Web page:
The Ottomans ruled Kosovo for more than four centuries, until Serbia acquired the territory during the First Balkan War in 1912-13. First partitioned in 1913 between Serbia and Montenegro, Kosovo was then incorporated into the Kingdom of the Serbs, Croats, and Slovenes (later named Yugoslavia) after World War I. During World War II, parts of Kosovo were absorbed into Italian-occupied Albania. After the Italian capitulation, Nazi Germany assumed control over Kosovo until Tito's Yugoslav Partisans entered at the end of the war.

After World War II, Kosovo became an autonomous province of Serbia in the Socialist Federal Republic of Yugoslavia (S.F.R.Y.). The 1974 Yugoslav Constitution gave Kosovo (along with Vojvodina) the status of a Socialist Autonomous Province within Serbia. As such, it possessed nearly equal rights as the six constituent Socialist Republics of the S.F.R.Y. In 1981, riots broke out and were violently suppressed after Kosovo Albanians demonstrated to demand that Kosovo be granted full Republic status.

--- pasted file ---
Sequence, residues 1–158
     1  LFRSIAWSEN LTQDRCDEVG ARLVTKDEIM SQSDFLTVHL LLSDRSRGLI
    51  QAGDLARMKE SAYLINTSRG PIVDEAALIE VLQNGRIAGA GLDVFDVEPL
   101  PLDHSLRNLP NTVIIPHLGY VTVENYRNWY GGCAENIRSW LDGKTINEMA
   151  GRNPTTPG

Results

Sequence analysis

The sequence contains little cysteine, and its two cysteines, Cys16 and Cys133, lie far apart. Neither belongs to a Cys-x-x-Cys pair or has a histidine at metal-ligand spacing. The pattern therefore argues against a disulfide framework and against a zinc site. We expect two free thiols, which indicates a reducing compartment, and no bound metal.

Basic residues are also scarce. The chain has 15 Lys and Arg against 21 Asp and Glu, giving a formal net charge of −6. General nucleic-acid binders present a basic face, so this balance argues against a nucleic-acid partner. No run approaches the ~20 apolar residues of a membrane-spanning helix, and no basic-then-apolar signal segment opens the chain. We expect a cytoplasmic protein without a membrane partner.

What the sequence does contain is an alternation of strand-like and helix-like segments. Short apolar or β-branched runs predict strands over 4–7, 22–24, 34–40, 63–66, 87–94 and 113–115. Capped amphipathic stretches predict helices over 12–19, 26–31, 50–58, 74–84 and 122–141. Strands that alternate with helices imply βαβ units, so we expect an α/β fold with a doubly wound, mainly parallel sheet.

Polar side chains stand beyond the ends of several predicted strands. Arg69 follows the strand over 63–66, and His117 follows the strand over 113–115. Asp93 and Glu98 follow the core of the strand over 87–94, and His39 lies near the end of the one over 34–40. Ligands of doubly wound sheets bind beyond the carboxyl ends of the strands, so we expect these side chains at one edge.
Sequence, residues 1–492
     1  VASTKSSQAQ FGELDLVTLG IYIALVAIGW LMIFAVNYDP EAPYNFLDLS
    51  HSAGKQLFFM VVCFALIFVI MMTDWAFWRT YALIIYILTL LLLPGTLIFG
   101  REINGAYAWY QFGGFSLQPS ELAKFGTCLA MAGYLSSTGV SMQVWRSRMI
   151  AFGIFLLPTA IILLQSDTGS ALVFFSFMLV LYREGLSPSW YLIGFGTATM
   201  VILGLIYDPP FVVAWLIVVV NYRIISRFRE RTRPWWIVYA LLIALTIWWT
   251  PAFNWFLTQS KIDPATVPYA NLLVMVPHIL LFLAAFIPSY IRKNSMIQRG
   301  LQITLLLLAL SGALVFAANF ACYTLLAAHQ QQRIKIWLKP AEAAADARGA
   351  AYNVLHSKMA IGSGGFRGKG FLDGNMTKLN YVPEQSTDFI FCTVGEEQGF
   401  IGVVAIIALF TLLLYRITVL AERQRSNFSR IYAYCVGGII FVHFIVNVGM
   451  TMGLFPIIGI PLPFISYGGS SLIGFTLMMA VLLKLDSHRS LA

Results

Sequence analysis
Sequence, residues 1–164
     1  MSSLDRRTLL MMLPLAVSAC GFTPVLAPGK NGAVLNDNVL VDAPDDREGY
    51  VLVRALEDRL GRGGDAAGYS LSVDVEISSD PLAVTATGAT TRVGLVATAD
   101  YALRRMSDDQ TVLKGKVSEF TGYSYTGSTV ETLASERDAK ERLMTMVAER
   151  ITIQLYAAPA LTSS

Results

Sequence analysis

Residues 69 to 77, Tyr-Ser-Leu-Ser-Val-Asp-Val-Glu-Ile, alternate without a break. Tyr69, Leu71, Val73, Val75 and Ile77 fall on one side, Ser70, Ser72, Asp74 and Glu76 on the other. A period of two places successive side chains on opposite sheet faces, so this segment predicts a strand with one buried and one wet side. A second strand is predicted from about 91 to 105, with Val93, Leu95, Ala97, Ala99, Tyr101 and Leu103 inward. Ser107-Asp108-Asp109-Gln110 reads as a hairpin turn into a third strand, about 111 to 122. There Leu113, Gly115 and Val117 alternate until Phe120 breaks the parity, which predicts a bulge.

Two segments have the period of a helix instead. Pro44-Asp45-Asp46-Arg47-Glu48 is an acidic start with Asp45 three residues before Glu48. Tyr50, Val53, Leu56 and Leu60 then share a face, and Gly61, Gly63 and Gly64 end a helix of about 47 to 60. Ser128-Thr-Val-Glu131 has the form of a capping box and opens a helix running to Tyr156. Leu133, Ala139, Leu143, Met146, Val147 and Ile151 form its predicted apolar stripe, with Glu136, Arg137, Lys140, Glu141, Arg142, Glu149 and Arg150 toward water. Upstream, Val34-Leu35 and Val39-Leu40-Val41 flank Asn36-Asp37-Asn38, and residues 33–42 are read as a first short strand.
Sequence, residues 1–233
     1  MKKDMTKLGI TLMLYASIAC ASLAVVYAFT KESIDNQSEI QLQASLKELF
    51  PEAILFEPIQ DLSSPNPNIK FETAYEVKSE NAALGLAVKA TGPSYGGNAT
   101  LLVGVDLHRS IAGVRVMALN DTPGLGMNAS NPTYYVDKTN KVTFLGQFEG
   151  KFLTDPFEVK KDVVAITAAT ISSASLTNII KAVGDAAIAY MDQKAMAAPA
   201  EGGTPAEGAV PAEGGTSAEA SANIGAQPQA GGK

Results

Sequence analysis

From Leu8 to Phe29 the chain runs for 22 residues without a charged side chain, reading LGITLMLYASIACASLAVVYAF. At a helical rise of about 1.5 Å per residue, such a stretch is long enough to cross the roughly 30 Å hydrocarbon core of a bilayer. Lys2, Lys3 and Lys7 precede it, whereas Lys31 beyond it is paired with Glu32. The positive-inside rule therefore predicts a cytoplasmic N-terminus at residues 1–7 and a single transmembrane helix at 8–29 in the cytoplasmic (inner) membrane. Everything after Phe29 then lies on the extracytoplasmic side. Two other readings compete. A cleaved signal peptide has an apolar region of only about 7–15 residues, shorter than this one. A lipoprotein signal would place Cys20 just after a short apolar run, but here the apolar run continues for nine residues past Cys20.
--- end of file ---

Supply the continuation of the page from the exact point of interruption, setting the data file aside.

The Kosovo Conflict and NATO intervention

In the late 1980s, Slobodan Milosevic propelled himself to power in Belgrade by exploiting the fears of the Serbian minority in Kosovo. In 1989, he eliminated Kosovo's autonomy and imposed direct rule from Belgrade. Belgrade ordered the firing of most ethnic Albanian state employees, whose jobs were then assumed by Serbs.

In response, Kosovo Albanian leaders began a peaceful resistance movement in the early 1990s, led by Ibrahim Rugova. They established a parallel government funded mainly by the Albanian diaspora. When this movement failed to yield results, an armed resistance emerged in 1997 in the form of the Kosovo Liberation Army (KLA). The KLA's main goal was to secure the independence of Kosovo.